Cogito, ergo sum
I think, therefore I am
There’s watching a movie. Then there’s watching a movie.
The first is what we call passive viewing. It’s the standard normal thing people do. You watch and you like what you see or you don’t. You’re entertained or you’re not. It’s the gut level stuff.
The second is what we call active viewing. That’s when you put your thinking cap on and start working through what happened, why it happened, and what, if anything, it means. The easiest way to do that is by asking questions. Why does No Country For Old Men spend so much time focused on Tommy Lee Jones? Why did Gretchen not know who Donnie was at the end of Donnie Darko? Why did Deckard daydream about a unicorn in Blade Runner? Does the top keep spinning in Inception? Why does Barbie quote Fight Club?
If you like a movie, you’re more inclined to want to understand it on a deeper level. On the flip side, understanding a movie on a deeper level can often make you like it more. We encourage everyone who loves cinema to learn some of the basics of active viewing. Doing so won’t make you a snob. A fedora won’t suddenly appear on your head. It simply makes for a better experience. It’s the difference between driving somewhere you’ve never been based on vague directions your friend told you versus having Google Maps open on your phone.
Active Viewing Techniques
These are some of our favorite active viewing techniques we use at Film Colossus to understand and write about movies. Even learning just one of these can go a long way.
The character arc of an ancillary character can mirror or juxtapose the arc of a main character, thus creating more thematic depth. The janitor in Another Earth can’t forgive himself, and the main character is struggling to forgive herself. The janitor’s arc influences the main character’s arc.
Often an opening scene or shot will reflect a closing scene or shot, revealing a deeper relationship that ties to the themes and characters. In Spirited Away’s opening scene, we see Chihiro moving to a new town, driving away from her home and childhood friends. Pair this with the closing scene, when Chihiro drives away from the enchanted land where she matured. Positioning these moments at the beginning and end of the film reflects her coming-of-age arc.
Change in Charge
A reversal from how things are at the beginning of a narrative arc to the end. In The Waterboy, Adam Sandler begins as a momma’s boy with no friends and no future. Ends as a star football player, with a bunch of friends, is married, and embarking on a life of independence.
The circumstances that frame the text. The when, what, where, how, and why. When a movie starts, we don’t have much context about the characters or story (see text). By the time it’s over, we often know every important thing there is to know. The context builds up over the course of the runtime. A perfect example of this occurs in Past Lives. It opens with a POV shot of a woman and two men sitting together on the other side of a bar. We hear people wonder about that group and what the deal is. The audience is in the same spot because we have zero context for who these people are. But at the end of the movie, when we return to the bar, we know it’s Nora, Arthur, and Hae Sung. We understand why they’re there, what brought them to this point, etc. They’re no longer strangers to us because we have so much context.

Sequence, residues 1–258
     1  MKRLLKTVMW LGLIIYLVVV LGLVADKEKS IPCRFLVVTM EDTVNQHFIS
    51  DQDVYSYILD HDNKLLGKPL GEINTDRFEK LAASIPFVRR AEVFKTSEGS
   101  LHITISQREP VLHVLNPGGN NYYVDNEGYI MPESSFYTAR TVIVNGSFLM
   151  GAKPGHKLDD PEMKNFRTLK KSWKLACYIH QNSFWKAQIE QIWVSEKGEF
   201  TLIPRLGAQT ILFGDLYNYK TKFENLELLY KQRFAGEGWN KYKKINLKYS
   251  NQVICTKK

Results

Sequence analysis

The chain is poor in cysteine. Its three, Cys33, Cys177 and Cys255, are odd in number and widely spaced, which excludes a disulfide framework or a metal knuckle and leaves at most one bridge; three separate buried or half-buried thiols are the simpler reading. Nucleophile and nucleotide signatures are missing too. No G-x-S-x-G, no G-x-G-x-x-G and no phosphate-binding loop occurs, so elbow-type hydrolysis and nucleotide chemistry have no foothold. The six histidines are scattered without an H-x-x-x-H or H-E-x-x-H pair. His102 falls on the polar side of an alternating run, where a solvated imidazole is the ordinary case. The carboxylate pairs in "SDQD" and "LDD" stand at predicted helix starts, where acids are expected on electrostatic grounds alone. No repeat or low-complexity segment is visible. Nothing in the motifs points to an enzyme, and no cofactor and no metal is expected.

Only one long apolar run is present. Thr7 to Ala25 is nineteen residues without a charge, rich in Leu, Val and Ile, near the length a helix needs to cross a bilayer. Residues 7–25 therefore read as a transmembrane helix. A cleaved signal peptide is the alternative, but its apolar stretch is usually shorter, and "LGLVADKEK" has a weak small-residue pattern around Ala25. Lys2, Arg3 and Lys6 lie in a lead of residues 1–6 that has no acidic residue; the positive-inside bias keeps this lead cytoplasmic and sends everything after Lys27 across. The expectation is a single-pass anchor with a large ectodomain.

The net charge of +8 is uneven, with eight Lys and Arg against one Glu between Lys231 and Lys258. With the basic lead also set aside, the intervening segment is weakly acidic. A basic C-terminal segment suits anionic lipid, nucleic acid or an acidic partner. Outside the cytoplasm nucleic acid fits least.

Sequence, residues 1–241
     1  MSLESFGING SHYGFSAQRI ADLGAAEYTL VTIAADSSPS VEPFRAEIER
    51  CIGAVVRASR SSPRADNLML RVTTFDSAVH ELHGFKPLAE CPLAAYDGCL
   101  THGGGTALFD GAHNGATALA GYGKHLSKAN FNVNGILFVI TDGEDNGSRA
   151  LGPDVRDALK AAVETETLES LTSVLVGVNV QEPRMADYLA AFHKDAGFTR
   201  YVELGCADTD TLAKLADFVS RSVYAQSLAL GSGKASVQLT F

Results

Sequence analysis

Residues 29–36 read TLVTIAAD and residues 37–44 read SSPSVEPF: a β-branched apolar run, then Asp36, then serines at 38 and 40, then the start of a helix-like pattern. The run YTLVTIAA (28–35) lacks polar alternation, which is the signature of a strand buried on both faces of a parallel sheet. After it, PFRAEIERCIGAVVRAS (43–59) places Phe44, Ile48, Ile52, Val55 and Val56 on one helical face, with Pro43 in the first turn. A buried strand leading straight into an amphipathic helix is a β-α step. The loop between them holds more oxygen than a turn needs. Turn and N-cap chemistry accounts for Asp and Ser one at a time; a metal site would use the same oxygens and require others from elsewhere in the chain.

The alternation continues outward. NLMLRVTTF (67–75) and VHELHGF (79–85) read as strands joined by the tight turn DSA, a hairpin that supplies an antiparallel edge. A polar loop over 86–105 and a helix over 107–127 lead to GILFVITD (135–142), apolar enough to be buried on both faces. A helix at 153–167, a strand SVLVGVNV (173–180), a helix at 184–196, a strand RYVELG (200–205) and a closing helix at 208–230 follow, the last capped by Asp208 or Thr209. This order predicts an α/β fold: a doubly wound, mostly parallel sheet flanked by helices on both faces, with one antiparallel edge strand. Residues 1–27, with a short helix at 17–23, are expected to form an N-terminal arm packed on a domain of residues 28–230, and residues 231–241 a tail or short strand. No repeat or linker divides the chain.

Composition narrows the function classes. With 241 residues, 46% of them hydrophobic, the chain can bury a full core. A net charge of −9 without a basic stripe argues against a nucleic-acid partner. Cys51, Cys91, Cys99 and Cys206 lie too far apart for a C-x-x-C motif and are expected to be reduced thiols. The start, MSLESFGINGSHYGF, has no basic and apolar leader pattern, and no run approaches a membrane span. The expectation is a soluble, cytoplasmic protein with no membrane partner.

When some element, idea, facet of life that is familiar is made strange. Often done by distortion, exaggeration, genre. Inception defamiliarizes the grieving process. It owns all of the steps of the grieving process, but in an exaggerated form, which allows the simplest, real-life aspects of the concept to stand out.
Often the dialogue is reflective of the general plot or a character’s arc. But dialogue can also provide insight into the theme. Dialogue in Lost in Translation explores the disconnection and alienation the main characters feel. In Japan, our two main characters are literally incapable of communicating with people around them. The lack of dialogue in these cases highlights their general loneliness in life, but also juxtaposes their dialogue with one another, revealing a deep, burning desire to connect with another human being.
Sometimes movies continually build up until the very final moments, in terms of drama, plot, character development, etc. Take The World’s End. The movie never stops escalating: the fights get crazier, the plot gets more ridiculous, and, most importantly, Gary becomes more and more immature. He so desperately wants to remain a teenager that the movie builds to a moment where the Voice of the Universe literally presents Gary with the opportunity to become his younger self again. Es-ca-la-tion.
Identifying character arcs
Often we see a character grow but don’t think about what key moments lead to that growth. Identifying the beginning, middle, and end of an arc will help determine what conflicts were most important, creating a path to deeper themes and meanings. At the beginning of Up, Carl takes memorabilia that represents his dead wife into the sky with him. In the middle, we see him finally bonding with another person, Charles, which begins the process of letting her go. Finally, as the movie winds down, we see Carl throw his memories out of the window in order to keep the house light enough to take off, finally letting his wife go.